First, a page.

Tuesday, April 29, 2008

The Order of Indignations

I've noticed a trend in indignation.

I was at a "green friendly" grocery store the other day, and while checking out was asked if I had brought my own sack for the groceries. I had not. The fact that the check out lady could see I had no such carriers made the question itself annoying, but after I replied to the negative she harummpfed at the cash register as if I was personally responsible for the glacier ice melt.

Then yesterday I used the following phrase to a co-worker, "well, then you'll kill two birds with one stone." Innocent enough, I thought. But I was told by the co-worker that she doesn't use that phrase. She's a vegetarian, so "killing-animal" colloquialisms are off limits. Wow, I'm thinking I must be out of touch.

These are minor offenses and ones for which I have no animosity towards the offended, but I do think it is odd the things that for which we get indignant. We all do, from time to time, think "how could they" do this or that. The telling thing is not that we get indignant, but what incites the indignation.

St. Augustine defined virtue with this short phrase: "ordo amoris." The order of loves. Such as, loving a pick-up truck is okay as long as you love your children more. St. Augustine recognized a hierarchy of goods and suggested that our affections and actions should follow that proper order. In some ways the things for which we show indignation indicate the things we love, or that which we consider most important.

My point is this: it is good to want to protect the earth, icebergs and chickens -- but what about the eternally valuable, can we show a little indignation on their behalf once in a while? Want some justified indignation? Travel to one of dozens of countries and see how women and children, the weak and sickly, are treated. "

We'd rather pick more comfortable indignations, ones where the only sacrifice is the time it takes to count our carbon footprint. It's nice to be able to afford the indignations of the wealthy. Indignations of convenience. But this disordered value is inhuman and embarrassing. Sorry, that's the way I see it.

I started the essay with a tolerant disposition towards the opinion of others, and now ended, being indignant over the indignant. So I guess I'll stop.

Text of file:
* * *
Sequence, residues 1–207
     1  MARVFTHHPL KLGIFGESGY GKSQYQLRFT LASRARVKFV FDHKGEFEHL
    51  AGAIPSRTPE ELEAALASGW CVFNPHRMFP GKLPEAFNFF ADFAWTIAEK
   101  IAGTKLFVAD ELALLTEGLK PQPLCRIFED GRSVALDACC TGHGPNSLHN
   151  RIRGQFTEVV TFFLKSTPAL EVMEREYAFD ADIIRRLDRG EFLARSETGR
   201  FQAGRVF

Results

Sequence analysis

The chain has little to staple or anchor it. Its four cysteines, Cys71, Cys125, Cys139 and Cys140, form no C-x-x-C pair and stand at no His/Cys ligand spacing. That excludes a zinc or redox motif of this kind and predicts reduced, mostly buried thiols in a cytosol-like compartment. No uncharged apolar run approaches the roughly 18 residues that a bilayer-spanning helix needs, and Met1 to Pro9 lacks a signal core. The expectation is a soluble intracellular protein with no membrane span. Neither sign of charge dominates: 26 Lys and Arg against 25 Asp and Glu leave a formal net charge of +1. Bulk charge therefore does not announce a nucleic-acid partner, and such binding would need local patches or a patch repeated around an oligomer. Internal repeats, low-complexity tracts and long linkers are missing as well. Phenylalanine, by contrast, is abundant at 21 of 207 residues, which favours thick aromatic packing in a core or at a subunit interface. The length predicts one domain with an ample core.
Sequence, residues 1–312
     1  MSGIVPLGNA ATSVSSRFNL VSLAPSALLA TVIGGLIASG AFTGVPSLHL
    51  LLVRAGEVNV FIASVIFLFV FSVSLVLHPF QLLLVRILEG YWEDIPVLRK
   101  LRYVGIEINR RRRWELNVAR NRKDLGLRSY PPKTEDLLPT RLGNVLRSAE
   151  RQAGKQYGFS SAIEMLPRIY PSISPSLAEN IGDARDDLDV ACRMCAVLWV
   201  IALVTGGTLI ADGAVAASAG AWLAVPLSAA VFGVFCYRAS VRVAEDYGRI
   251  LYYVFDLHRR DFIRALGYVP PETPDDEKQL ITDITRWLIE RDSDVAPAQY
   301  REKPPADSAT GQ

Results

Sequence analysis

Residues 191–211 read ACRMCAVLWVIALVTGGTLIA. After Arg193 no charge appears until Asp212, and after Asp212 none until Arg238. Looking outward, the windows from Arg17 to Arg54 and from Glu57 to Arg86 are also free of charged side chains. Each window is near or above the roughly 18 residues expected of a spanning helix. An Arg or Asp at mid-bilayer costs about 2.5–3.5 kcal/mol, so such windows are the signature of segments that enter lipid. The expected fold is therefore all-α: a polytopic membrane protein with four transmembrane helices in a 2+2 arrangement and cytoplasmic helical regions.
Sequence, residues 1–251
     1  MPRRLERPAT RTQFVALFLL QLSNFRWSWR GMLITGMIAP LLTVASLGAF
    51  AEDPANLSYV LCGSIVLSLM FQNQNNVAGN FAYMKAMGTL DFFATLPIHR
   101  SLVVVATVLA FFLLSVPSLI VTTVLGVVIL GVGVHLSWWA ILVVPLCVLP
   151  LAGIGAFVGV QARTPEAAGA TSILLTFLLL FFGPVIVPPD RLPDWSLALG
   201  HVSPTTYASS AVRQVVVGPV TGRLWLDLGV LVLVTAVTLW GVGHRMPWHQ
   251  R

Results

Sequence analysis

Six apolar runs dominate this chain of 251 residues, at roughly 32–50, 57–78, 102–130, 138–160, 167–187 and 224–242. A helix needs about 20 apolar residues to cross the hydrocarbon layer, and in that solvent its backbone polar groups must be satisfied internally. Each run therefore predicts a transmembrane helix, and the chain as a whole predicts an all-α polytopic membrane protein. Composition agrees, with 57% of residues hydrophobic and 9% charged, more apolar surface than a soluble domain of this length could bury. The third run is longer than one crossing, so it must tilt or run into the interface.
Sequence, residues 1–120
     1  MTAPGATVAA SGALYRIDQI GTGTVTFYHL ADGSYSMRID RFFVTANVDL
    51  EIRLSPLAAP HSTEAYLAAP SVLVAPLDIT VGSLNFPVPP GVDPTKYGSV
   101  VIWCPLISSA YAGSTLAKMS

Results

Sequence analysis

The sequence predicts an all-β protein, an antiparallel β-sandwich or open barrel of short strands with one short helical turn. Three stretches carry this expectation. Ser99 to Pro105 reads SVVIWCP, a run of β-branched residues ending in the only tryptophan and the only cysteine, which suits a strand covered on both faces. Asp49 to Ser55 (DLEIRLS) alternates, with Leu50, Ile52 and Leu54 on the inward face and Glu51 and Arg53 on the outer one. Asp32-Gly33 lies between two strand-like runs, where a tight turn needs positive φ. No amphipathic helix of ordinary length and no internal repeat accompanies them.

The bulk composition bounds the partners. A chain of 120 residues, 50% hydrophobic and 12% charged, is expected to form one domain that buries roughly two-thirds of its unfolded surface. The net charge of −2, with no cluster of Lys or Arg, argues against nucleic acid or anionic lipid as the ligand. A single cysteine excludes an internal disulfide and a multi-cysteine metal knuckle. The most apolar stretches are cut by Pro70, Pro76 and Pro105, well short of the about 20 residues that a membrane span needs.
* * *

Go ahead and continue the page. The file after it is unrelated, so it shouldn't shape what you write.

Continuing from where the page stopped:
4 comments:

Rambler said...

When I saw the Ozarka commercial for their new "earth-friendly" containers shaped to use 30% less plastic, I knew this whole eco-thing had jumped the shark: a company praising itself for using plastic for water.

Perhaps off-topic, but I am outraged at the outrage underlying the green-green-green movement that's clearly a marketing tool. Everyone's green, and it's so clear that everyone is just on the bandwagon.

ok, cynical mode OFF. :-)

Anonymous said...

Great post.

On a smaller scale, what do you think about this:
A wife nags her husband about leaving the toilet seat up and the husband responds "children in ethiopia don't even have a toilet seat to leav up"

Same concept, but less considerate to those suffering...and probably trouble for the husband. You can't ever call people out for their indignations can you?

Francis Shivone said...

I think you have a point anon., but I need to think about it. I think I didn't say it very well, but it is a question of magnitude, value, and hierarchy of Goods.
In your example the wife is justified but what if she started a campaign to raise the level of awareness of toilet seats on statewide level?
In her home the indignation is justified but not elsewhere.
I think people want to be indignant with something because it gives them a sense of superiority over the unenlightened. My point is: choose something worth being indignant over.
Anyway, good comment. It needs more thought.

Anonymous said...

I overheard "Feed two birds with one seed" the other day..